Fig. 1

Cx36 and Cx43 channels favour the exchange between HeLa cells of cationic and anionic molecules, respectively. a HeLa cells stably transfected for Cx36 exchanged the positively charged EB more than the negatively charged LY and CF. b Cells expressing Cx43 showed an opposite pattern, i.e. exchanged LY and CF to a much greater degree than either EB or PI. Bar 100 μm. c Numbers of cells (wild-type, solid bars; Cx36-transfected, open bars; Cx43-transfected, grey bars) labelled by a gap junction tracer after microinjection into one cell. Data are presented as means±SEM; the values above the bars represent the number of microinjections. *p < 0.05, p < 0.005, p < 0.0001 vs the same tracer in wild-type cells

Table 1

Percentage of injections resulting in coupling of HeLa cells and rank order of this event

  

Coupling rank order

Dye

HeLa

0

1

2

3

4

5

n

LY

wt

94.7

5.3

0

0

0

0

19

Cx36

7.1

92.9

7.1

0

0

0

14

Cx43

10.5

89.5

57.9

42.1

26.3

15.8

19

CF

wt

100

0

0

0

0

0

22

Cx36

50

50

12.5

0

0

0

16

Cx43

13.3

86.7

66.7

33.3

20

6.7

15

EB

wt

100

0

0

0

0

0

33

Cx36

27.5

72.5

52.5

32.5

17.5

12.5

40

Cx43

13.3

86.7

20

0

0

0

15

PI

wt

100

0

0

0

0

0

37

Cx36

59.3

40.7

3.7

0

0

0

54

Cx43

46.7

53.3

6.7

0

0

0

15

n Number of injections; wt wild-type

Fig. 2

Coupling of primary islet cells depends on Cx36 and is mostly due to cationic molecules. a In islets isolated from wild-type mice, cells poorly exchanged LY and CF, but exchanged EB and PI to a greater degree. Note that LY and CF accumulate in the cytosol, whereas EB and PI mostly stain the nucleus, resulting in a spotted labelling of the most distant coupled cells (arrowheads). Bar, 100 μm. b In islets of KO Cx36−/− mice, which lack Cx36, the four tracers revealed cell uncoupling. c Area labelled by each tracer in islets of wild-type (solid bars) and KO-Cx36−/− mice (open bars). Data are presented as means±SEM; the values above the bars represent the number of microinjections. *p < 0.05, p < 0.0001 vs wild-type value for the same tracer; §p < 0.05, ||p < 0.005 vs the LY value in wild-type islets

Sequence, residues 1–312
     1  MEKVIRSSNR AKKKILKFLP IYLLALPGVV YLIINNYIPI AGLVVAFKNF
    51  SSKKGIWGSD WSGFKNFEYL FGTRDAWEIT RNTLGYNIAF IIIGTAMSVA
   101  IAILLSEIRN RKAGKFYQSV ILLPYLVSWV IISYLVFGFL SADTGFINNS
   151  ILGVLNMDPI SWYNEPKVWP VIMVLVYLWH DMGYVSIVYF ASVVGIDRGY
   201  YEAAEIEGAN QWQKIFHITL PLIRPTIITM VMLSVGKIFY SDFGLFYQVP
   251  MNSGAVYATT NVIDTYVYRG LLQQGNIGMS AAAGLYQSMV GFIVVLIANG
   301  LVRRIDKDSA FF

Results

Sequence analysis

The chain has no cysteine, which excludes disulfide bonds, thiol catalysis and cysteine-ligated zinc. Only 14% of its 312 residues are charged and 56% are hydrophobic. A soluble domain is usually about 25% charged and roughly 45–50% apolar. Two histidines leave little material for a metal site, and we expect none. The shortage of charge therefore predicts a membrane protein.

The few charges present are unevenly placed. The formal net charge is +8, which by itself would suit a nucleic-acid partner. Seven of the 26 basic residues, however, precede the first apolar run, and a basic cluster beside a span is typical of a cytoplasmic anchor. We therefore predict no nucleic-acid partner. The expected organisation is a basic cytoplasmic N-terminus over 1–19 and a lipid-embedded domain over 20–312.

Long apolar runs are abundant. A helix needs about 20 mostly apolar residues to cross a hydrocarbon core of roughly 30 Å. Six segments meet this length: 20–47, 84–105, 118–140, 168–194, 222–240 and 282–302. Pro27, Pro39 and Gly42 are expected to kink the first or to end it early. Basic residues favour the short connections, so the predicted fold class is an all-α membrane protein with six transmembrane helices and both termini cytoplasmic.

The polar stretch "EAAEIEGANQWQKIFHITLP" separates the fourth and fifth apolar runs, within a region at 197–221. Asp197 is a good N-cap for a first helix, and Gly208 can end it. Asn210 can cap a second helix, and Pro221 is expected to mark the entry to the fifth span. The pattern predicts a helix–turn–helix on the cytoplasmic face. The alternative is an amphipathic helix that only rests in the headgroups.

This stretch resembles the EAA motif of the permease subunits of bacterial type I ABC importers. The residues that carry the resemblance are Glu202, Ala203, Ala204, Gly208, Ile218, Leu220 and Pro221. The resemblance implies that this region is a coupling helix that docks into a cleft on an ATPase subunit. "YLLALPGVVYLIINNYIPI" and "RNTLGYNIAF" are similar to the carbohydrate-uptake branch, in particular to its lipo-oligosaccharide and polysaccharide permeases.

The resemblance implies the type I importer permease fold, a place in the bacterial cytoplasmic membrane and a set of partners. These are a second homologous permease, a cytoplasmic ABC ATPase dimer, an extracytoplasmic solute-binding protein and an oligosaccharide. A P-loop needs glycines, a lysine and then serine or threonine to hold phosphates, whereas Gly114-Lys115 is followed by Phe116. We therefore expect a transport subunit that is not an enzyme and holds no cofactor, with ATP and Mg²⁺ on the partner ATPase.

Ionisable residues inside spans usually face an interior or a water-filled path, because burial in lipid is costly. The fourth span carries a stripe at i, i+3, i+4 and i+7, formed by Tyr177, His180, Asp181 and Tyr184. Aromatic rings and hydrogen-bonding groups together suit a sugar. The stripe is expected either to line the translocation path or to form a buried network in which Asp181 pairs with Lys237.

Fig. 3

Positively and negatively charged tracers reveal a different extent of beta cell coupling. ac Individual cells of a control mouse islet (a shows phase-contrast view) were sequentially microinjected with LY (b) and EB (c). LY revealed either apparently uncoupled cells (*) or cells coupled to first-rank neighbours (arrowheads) (b). In contrast, after a cell was injected with EB (arrow), territories of coupled cells extending up to the fifth rank order were seen (c). The outline of the islet is shown by the dotted line. Bar (c), 20 μm. df Immunostaining for insulin (d) of a control mouse islet microinjected with EB (e) revealed that most coupled cells were insulin-containing cells (f). f Panels d and e merged. Bar (e), 20 μm. gi Individual cells were simultaneously microinjected with both LY (g) and EB (h). The latter tracer revealed a much larger extent of coupling than the former one. i Panels g and h merged, which are colour-coded versions of original black and white pictures. Bar (i), 100 μm. j Consecutive sections (numbered) of a rat islet microinjected with both EB and LY. A larger diffusion of the former tracer can be seen. Bar, 20 μm

Fig. 4

Beta cell coupling changes selectively after glibenclamide stimulation. a In untreated islets of wild-type mice, cells poorly exchanged LY, but extensively exchanged EB and PI. Bar, 100 μm. Note that LY accumulates in the cytosol, whereas EB and PI mostly stain the nucleus, resulting in spotted labelling of the most distant coupled cells (arrowheads). b After 24 h of glibenclamide treatment, the three tracers extended to larger areas of the microinjected islets. c Area labelled by each tracer in islets of control (open bars) and glibenclamide-stimulated (solid bars) mice. Data are presented as means±SEM; the values above the bars represent the number of microinjections. *p < 0.05, **p < 0.01 vs the value for the same tracer in non-stimulated islets

Fig. 5